Adding antipsychotic more effective than switching antidepressant in MDD
Researchers compared remission rates in patients with major depressive disorder who were either switched to another antidepressant or had their existing treatment augmented with an antipsychotic.
Less than one-third of patients with major depressive disorder (MDD) achieve remission with their first antidepressant therapy. Recent evidence has suggested that adding the antipsychotic aripiprazole might be more beneficial than switching antidepressant.
In a randomised trial, 1,522 patients, the majority of whom were men, with treatment-resistant MDD were either switched to another antidepressant (bupropion), or had their existing treatment augmented with either bupropion or aripiprazole.
After 12 weeks, 28.9% of patients in the augment-aripiprazole group achieved remission compared with 22.3% of those switched to bupropion — a significant difference. Anxiety was more frequent within bupropion groups and weight gain was more frequent in the aripiprazole group.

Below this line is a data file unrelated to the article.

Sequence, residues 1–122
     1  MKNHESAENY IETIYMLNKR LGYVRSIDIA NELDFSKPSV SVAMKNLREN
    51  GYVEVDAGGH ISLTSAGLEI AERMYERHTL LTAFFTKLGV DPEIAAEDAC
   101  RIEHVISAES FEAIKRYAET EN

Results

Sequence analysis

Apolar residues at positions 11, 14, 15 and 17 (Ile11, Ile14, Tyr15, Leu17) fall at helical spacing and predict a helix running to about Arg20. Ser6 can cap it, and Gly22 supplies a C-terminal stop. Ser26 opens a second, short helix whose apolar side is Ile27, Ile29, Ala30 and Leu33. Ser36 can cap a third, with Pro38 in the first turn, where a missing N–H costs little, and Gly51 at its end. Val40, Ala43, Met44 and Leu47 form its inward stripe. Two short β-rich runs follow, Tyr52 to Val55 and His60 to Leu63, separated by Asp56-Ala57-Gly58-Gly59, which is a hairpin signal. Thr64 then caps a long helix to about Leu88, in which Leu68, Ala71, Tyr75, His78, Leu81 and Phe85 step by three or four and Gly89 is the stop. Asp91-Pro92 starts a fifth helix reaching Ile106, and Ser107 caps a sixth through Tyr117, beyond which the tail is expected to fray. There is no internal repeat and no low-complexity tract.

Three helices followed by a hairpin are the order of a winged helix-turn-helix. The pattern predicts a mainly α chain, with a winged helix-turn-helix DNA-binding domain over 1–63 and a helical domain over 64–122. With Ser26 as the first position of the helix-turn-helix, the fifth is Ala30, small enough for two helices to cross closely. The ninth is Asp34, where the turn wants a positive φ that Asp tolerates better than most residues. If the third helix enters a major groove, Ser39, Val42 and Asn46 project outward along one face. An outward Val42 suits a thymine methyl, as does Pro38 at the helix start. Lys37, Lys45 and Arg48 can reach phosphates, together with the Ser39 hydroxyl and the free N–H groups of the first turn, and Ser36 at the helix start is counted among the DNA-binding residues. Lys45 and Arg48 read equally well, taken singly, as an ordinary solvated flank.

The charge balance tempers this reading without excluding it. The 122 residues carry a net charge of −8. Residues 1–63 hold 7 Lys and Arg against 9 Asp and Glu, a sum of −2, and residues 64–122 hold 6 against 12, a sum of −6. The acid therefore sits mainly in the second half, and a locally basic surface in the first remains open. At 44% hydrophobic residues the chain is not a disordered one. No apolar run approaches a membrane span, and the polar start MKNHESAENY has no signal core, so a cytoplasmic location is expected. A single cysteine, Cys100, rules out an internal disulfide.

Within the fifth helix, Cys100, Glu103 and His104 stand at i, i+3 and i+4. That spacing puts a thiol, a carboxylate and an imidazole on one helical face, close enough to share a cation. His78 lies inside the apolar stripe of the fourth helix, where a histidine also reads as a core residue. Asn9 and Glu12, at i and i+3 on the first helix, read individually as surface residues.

Writing in the Journal of the American Medical Association (online, 11 July 2017), the researchers say the results suggest that use of the augment-aripiprazole strategy could increase the odds of remission and response in MDD but, given the small effect size and risk of adverse events, further research is needed to weigh the costs and benefits.
Citation: Clinical Pharmacist DOI: 10.1211/CP.2017.20203286
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